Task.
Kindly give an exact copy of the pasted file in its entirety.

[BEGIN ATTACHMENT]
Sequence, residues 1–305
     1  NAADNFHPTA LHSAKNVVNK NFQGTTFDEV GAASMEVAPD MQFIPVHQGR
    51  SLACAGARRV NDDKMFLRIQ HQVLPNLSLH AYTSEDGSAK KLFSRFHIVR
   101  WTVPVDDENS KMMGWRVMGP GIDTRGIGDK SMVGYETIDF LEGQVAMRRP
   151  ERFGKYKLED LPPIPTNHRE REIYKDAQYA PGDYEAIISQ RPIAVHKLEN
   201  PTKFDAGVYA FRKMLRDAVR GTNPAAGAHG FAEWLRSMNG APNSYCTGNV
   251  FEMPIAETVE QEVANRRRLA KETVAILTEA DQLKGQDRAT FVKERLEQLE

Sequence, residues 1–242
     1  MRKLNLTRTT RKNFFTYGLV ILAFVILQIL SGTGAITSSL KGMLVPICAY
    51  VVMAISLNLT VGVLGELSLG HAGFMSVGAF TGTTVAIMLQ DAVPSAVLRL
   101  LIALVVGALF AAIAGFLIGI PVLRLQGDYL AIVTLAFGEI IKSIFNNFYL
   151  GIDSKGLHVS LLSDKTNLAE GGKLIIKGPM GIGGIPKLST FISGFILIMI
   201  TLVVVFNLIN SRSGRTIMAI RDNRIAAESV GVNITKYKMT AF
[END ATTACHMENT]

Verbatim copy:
Sequence, residues 1–305
     1  NAADNFHPTA LHSAKNVVNK NFQGTTFDEV GAASMEVAPD MQFIPVHQGR
    51  SLACAGARRV NDDKMFLRIQ HQVLPNLSLH AYTSEDGSAK KLFSRFHIVR
   101  WTVPVDDENS KMMGWRVMGP GIDTRGIGDK SMVGYETIDF LEGQVAMRRP
   151  ERFGKYKLED LPPIPTNHRE REIYKDAQYA PGDYEAIISQ RPIAVHKLEN
   201  PTKFDAGVYA FRKMLRDAVR GTNPAAGAHG FAEWLRSMNG APNSYCTGNV
   251  FEMPIAETVE QEVANRRRLA KETVAILTEA DQLKGQDRAT FVKERLEQLE

Sequence, residues 1–242
     1  MRKLNLTRTT RKNFFTYGLV ILAFVILQIL SGTGAITSSL KGMLVPICAY
    51  VVMAISLNLT VGVLGELSLG HAGFMSVGAF TGTTVAIMLQ DAVPSAVLRL
   101  LIALVVGALF AAIAGFLIGI PVLRLQGDYL AIVTLAFGEI IKSIFNNFYL
   151  GIDSKGLHVS LLSDKTNLAE GGKLIIKGPM GIGGIPKLST FISGFILIMI
   201  TLVVVFNLIN SRSGRTIMAI RDNRIAAESV GVNITKYKMT AF